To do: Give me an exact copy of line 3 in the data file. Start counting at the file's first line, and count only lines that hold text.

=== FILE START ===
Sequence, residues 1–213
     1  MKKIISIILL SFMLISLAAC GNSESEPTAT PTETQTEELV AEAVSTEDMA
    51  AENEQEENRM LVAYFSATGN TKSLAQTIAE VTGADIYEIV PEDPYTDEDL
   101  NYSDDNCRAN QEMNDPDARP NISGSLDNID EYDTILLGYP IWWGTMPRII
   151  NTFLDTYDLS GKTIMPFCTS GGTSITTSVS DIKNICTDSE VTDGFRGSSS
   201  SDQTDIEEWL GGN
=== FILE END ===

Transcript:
    51  AENEQEENRM LVAYFSATGN TKSLAQTIAE VTGADIYEIV PEDPYTDEDL